Normal for Sarawak to rebuke Putrajaya, say political analysts

Desmond Davidson

Political analysts say the relationship between Sarawak’s ruling coalition, Gabungan Parti Sarawak and whichever government in power in Putrajaya is 'mostly transactional.’ – The Malaysian Insight file pic, October 22, 2023.

SARAWAK’s recent rebuke of Putrajaya on several issues is not an indication that all is not well between Petra Jaya and Putrajaya, political analysts said.

It’s a norm to be expected, they said, adding that it is also a result of strength in the hands of Sarawak’s ruling pact.

That’s because the relationship between Sarawak’s ruling coalition, Gabungan Parti Sarawak (GPS) and whoever is in power in Putrajaya is ‘mostly transactional’, University of Tasmania’s Asian governance expert James Chin told The Malaysian Insight.

He said it has been that way since 2018.

In recent weeks Sarawak had publicly told Putrajaya not to interfere with the state’s carbon deal.

It had also accused the federal government of “sabotaging” the state in the mid-term review report of the 12th Malaysia Plan.

Chin said Sarawak, then later Sabah, took advantage of a weak central government to make a series of demands in return for their support to keep the government of the day in power.

He was alluding to the seismic shift in the country’s political landscape with Barisan Nasional’s (BN) loss in the general election in 2018 after having been in power since the country was granted independence by the British.

No one party or coalition in the peninsula is strong enough to rule by itself since then, thus requiring support from Borneo parties.

“The position of Sarawak and Sabah is that they will support whichever coalition that will meet most, if not all, of their demands.

“They really don’t care who’s in charge in Putrajaya,” Chin said.

Sarawak Premier Abang Johari Openg recently revealed there had been attempts to usurp the state’s powers in the management, regulation and trading of carbon emission – a potentially lucrative future business.

The premier did not name names but he had hinted it was Putrajaya.

Then the information chief of Abang Johari’s Parti Pesaka Bumiputera Bersatu (PBB), Idris Buang, accused the PKR-led Pakatan Harapan unity government of “sabotaging” the state in the mid-term review of the 12th Malaysia Plan that was tabled in Dewan Rakyat on September 11.

PBB is the lynchpin of the four-party GPS. The others being the Sarawak United People’s Party (SUPP), Parti Rakyat Sarawak (PRS) and the Progressive Democratic Party (PDP).

Idris, the Muara Tuang assemblyman and deputy speaker of the state legislative assembly, said the section of the report on development in Sarawak was “super-damaging” as the facts were “disputable”.

“Obviously unverified. The content, seemingly political in nature, are obnoxiously incorrect and had been published without care and etiquette,” he added.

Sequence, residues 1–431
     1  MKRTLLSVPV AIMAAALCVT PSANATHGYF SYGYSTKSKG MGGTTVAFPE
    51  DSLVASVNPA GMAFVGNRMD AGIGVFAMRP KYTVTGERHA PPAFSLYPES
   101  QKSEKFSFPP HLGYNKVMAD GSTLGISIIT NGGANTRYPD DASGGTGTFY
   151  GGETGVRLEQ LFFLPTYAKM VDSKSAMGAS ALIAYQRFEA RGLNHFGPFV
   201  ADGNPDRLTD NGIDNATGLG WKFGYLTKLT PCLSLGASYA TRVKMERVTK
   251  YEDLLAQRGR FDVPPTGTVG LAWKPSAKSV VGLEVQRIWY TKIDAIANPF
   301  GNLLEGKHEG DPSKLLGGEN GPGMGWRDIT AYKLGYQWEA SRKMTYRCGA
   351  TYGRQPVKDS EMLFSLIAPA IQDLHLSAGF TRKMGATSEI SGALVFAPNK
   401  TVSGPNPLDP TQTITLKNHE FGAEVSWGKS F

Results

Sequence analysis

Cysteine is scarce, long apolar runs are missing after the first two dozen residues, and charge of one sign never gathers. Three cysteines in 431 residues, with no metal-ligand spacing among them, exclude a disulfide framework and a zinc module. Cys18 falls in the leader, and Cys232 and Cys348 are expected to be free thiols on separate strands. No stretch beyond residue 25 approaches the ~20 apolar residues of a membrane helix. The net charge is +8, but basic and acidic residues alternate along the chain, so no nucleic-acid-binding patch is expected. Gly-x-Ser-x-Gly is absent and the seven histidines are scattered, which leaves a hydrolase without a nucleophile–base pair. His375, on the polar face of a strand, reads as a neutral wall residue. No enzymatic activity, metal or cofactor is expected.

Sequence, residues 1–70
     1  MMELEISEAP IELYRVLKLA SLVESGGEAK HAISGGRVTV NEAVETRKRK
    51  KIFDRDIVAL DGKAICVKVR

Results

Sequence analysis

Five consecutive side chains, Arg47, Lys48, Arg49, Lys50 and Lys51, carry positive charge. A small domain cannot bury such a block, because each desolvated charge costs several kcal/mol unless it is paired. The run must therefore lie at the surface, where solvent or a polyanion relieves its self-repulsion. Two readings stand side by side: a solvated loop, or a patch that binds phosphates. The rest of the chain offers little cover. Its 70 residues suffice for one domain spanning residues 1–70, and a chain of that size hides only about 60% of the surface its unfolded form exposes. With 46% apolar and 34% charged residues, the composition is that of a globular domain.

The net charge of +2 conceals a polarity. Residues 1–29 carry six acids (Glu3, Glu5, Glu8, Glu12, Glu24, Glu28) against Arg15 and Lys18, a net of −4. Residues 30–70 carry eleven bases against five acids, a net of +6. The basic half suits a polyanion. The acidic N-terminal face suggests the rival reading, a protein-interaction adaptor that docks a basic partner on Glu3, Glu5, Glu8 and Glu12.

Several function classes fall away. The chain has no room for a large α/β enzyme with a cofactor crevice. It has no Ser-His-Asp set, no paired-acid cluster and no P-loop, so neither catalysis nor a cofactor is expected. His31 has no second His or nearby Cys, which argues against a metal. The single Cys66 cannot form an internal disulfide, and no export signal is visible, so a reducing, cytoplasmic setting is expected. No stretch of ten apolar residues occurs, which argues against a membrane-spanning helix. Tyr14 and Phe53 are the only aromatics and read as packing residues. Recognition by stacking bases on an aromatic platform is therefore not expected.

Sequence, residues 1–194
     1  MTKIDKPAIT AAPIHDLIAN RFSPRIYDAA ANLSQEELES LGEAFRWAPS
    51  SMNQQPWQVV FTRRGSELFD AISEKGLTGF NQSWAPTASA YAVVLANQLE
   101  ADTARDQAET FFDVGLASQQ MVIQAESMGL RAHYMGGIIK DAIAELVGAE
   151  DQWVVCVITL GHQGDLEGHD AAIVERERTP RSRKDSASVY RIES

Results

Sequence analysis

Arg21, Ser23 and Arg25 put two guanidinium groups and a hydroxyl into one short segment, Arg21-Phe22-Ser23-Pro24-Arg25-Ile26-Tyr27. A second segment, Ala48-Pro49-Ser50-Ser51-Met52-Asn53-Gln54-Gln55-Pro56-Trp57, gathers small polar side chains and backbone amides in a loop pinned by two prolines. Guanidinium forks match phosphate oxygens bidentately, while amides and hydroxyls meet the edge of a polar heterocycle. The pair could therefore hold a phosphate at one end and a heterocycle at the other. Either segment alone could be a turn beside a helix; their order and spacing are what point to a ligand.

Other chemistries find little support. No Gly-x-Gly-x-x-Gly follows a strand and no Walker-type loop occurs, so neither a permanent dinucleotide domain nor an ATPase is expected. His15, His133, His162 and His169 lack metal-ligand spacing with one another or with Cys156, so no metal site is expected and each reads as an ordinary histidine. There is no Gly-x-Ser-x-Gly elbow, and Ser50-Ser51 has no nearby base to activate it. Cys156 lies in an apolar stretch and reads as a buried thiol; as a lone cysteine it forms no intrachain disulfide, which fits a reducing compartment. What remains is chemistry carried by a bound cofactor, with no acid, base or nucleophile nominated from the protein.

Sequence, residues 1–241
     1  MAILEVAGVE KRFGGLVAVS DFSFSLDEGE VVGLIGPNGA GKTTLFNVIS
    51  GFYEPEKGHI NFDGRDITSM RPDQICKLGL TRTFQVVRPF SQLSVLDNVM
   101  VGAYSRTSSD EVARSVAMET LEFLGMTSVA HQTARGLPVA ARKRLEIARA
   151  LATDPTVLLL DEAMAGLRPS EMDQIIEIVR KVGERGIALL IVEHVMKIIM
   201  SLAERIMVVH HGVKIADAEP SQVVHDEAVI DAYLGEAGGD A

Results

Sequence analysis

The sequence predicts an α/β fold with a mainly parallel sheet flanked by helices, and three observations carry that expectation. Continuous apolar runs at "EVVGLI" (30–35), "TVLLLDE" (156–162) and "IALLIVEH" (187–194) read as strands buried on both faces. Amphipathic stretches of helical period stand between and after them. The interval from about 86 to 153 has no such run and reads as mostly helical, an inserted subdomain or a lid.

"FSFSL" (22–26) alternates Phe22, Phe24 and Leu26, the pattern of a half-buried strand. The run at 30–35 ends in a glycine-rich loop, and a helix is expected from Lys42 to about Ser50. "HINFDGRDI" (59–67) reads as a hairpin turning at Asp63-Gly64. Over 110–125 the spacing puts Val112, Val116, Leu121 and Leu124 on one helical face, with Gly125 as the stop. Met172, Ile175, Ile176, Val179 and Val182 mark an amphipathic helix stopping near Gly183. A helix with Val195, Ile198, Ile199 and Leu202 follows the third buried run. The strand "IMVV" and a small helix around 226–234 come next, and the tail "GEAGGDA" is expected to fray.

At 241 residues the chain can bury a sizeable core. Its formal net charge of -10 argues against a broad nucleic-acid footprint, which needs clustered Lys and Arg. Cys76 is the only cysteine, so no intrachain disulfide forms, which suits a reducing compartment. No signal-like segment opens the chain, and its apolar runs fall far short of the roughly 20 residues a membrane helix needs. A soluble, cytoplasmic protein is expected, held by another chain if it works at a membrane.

GPS is not a formal member of the PH coalition. It only supports it.

Prior to the general election in November last year, GPS had supported the rival Perikatan Nasional (PN) coalition for them to stay in power.

Professor of political science at Universiti Putra Malaysia Jayum Jawan says Sarawak and Sabah will continue to make noises, 'at times loud', because the unity government is weak. – The Malaysian Insight file pic, October 22, 2023.

Making loud noises

Jayum Jawan, the professor of political science at Universiti Putra Malaysia (UPM) agreed with Chin and said Sarawak and Sabah will continue to make noises, “at times loud”, because the unity government is weak.

“Both regions know that the alliance led by PH and PKR is weak and could break at anytime. As such, Sarawak and Sabah have been more daring in making their wishes known compared to before when they were allies in a strong BN.”

Jawan said when they were part of the BN coalition, “they remained quiet and were willing to accept what federal leaders under all previous eight prime ministers would dish out to them”.

Not any more, he said.

He said many of what Anwar Ibrahim’s unity government promised to look into and return to Sarawak and Sabah were “mere words”.

He said those rights and privileges that have been lost through legislations might not be “as easy as Anwar promised”.

Jawan said for Sarawak and Sabah to regain those lost rights, the process has to pass through parliament which in some cases requires the two-thirds support of MPs.

He also cautioned seasoned politicians from Sarawak and Sabah to stop “blowing their horns and celebrating victory on any concessions extracted from the unity government.

Chin said “political elites linked to the old Umno group” were behind the attempt to get hold of Sarawak’s carbon deal just like they did with the state’s oil and gas resources.

He said this group was unhappy with the state’s carbon capture deal with Singapore.

“They are very unhappy that Sarawak is developing a G2G relationship with Singapore. 

Chin said these “Malay elites” never gotten over the fact that Singapore, a small island with no natural resources, could still be more successful than resource-rich Malaysia.

Whatever their gripe, Chin said at the end of the day it is not possible for Putrajaya to stop Sarawak from developing a G2G relationship with Singapore.

“This carbon deal will go through. This is a test case for other things, like the export of energy.

“The bigger picture is that the G2G relationship is independent of Putrajaya which they are not very happy about.” – October 22, 2023.

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